US 4695434 A
An aroma-generating unit adapted to periodically discharge into the atmosphere bursts of aromatic vapor, the non-aromatic intervals between the bursts having a duration sufficient to avoid desensitizing the olfactory response of those exposed to the unit. The unit includes a hollow case whose upper wall has a vent therein and whose side wall has a slot to receive a replaceable cartridge provided with a porous mat impregnated with an aromatic liquid. When fully inserted, the cartridge is disposed below the vent and serves to define an air-confined chamber within the case. Disposed in this chamber is an electrical heater that is periodically energized by power pulses to heat and expand the confined air and to produce a positive pressure in the chamber forcing the heated air through the impregnated mat to rapidly volatilize the liquid and to produce bursts of aroma which are discharged into the atmosphere through the vent, which bursts are separated by relatively long, non-aromatic intervals.
1. An aroma generating unit comprising:
A. a hollow case whose upper wall has a vent therein and whose side wall has a cartridge-receiving slot;
B. a replaceable cartridge insertable in said slot to occupy a position in said case under said vent; said cartridge, when fully inserted, defining an air-confined chamber within the case, said cartridge having a porous mat having wicking properties impregnated with an aroma-producing liquid enclosed in a housing defined by a pair of sheets between which the mat is sandwiched, said sheets having corresponding central holes therein to form a port which exposes the central portion of the mat, the remaining unexposed portion of the mat acting as a reservoir for the liquid which as liquid is depleted from the central exposed portion, it is replenished by liquid wicked from the unexposed portion; and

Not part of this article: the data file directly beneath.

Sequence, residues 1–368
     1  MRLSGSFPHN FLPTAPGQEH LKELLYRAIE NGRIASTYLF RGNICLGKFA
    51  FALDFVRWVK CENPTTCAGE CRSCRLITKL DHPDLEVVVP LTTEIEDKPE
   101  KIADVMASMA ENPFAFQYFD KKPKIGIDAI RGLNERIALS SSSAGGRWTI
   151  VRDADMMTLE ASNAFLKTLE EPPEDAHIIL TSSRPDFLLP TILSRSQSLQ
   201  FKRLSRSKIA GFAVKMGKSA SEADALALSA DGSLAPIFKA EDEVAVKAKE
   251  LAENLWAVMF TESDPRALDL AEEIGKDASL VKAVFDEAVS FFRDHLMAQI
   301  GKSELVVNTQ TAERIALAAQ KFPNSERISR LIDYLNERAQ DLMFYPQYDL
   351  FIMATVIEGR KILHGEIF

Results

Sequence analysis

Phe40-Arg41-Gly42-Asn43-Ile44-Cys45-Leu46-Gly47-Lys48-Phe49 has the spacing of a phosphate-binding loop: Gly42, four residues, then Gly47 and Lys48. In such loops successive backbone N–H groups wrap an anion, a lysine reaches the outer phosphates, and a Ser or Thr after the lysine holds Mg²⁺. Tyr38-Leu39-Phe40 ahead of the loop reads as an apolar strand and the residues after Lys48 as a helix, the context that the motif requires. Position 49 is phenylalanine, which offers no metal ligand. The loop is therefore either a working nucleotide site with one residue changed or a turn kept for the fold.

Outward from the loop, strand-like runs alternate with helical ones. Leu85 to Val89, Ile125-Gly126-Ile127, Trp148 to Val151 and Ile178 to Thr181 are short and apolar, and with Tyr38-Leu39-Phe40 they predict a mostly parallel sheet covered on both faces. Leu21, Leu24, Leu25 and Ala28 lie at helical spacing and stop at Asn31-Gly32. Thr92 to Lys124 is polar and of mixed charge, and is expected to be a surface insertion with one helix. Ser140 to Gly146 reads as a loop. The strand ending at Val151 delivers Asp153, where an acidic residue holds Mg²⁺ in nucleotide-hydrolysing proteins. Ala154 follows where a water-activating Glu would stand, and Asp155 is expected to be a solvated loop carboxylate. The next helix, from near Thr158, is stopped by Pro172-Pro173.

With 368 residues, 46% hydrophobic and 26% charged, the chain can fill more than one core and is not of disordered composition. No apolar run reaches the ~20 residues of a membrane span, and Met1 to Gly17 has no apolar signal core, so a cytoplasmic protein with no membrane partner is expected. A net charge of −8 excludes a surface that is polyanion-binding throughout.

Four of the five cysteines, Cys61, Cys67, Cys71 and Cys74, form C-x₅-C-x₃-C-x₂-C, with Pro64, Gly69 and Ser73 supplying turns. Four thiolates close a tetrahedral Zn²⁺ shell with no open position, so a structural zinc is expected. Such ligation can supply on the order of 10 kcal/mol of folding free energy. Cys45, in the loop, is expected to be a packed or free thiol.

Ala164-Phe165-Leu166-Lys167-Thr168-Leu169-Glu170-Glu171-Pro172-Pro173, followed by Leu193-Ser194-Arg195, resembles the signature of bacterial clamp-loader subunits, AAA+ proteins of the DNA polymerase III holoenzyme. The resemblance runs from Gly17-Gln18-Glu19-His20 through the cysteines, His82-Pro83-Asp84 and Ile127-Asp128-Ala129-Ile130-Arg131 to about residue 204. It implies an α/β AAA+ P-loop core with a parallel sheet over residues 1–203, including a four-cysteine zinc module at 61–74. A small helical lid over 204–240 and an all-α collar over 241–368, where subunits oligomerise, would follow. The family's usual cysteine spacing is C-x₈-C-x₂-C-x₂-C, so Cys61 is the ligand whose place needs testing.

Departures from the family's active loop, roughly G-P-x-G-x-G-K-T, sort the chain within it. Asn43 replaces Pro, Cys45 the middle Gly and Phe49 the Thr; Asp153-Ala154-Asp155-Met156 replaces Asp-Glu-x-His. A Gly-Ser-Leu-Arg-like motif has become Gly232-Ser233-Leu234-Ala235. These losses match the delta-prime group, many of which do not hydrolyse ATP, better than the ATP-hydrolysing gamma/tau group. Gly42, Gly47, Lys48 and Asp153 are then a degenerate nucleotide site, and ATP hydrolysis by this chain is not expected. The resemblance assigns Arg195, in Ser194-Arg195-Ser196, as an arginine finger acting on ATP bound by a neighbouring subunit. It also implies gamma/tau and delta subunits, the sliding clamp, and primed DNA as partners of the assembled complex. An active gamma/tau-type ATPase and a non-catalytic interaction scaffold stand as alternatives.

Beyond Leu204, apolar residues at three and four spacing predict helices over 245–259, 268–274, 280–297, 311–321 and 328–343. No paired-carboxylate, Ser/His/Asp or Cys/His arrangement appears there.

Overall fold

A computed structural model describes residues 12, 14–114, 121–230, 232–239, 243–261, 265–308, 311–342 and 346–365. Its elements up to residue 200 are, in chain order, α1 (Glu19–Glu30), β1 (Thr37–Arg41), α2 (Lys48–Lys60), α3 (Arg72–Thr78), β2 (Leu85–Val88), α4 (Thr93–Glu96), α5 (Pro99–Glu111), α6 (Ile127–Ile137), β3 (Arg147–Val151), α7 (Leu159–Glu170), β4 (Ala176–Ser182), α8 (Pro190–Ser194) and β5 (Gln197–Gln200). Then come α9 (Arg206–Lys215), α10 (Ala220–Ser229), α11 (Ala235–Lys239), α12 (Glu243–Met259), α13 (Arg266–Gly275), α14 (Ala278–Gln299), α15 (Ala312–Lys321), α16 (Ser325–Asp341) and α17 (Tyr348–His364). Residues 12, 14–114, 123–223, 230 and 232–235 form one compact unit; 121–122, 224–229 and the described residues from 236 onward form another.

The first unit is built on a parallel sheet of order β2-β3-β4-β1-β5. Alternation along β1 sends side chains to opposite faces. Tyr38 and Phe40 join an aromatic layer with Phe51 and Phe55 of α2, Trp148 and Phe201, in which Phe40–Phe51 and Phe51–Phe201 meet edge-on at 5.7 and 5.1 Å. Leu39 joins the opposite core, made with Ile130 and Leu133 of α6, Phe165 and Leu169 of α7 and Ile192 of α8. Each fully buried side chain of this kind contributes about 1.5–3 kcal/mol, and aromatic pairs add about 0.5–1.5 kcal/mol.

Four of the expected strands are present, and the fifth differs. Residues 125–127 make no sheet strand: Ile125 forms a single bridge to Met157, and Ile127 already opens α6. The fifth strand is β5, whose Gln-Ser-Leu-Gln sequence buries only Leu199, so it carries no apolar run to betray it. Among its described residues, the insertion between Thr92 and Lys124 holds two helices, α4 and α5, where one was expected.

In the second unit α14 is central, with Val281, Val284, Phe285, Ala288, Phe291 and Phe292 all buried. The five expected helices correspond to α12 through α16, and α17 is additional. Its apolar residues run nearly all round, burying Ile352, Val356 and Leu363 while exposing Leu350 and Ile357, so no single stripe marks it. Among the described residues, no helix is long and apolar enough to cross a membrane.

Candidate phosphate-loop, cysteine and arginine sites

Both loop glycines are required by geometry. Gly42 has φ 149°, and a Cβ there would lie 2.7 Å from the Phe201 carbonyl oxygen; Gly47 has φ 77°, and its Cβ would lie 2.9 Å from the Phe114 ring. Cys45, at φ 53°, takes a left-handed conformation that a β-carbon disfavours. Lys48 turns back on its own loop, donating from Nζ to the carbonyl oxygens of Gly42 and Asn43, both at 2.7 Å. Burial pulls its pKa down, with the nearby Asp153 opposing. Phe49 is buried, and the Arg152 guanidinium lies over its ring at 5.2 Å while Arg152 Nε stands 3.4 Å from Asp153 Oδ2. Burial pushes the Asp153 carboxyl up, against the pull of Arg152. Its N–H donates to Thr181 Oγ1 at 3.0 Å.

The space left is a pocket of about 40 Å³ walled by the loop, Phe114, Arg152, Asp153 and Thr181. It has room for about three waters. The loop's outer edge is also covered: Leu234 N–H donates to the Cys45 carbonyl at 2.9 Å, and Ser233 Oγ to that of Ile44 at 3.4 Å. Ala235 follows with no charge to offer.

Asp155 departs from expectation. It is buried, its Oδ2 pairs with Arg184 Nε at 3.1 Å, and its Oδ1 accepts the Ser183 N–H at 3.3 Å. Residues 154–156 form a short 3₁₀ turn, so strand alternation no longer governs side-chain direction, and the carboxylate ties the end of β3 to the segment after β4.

C. an electrical heater disposed in said chamber which, when energized, acts to heat and expand the confined air therein to create a positive pressure forcing the heated air through the port and the exposed portion of the impregnated mat to rapidly volatilize the liquid and to produce an aromatic vapor which is discharged into the atmosphere through said vent.
2. A unit as set forth in claim 1, wherein said heater is operated by means to cause it to be periodically energized by power pulses to produce bursts of aromatic vapor interrupted by non-aromatic intervals of sufficient duration to permit recovery of the olfactory response of those exposed to the aromatic vapor, said means being constituted by a solid state interrupter which couples said heater to a power line to produce power pulses whose duty cycle is adjustable.
3. A unit as set forth in claim 2, wherein said pulses have a duration of about one minute and the intervals a duration of at least two minutes.
This invention relates generally to aroma-generators, and more particularly to a unit adapted to periodically discharge into the atmosphere bursts of aroma, the non-aromatic intervals between the bursts having a duration sufficient to avoid desensitizing the olfactory response of those exposed to the unit.
As used herein, the term "aroma" is not limited to pleasant or savory smells, but encompasses scents that function as insecticides, air fresheners, deodorants or any other odor that acts to condition, modify or otherwise charge the atmosphere.
The aroma of perfumes and perfume-based products such as colognes and toilet waters was originally derived from the essential oils of plants. However, since the early 19th century, chemists have succeeded in analyzing many essential oils and in creating thousands of synthetics, some simulating natural products and other yielding altogether new scents. Perfumes today are largely blends of natural and synthetic scents and of fixatives which equalize vaporization and enhance pungency. In most liquid scents the ingredients are combined with alcohol.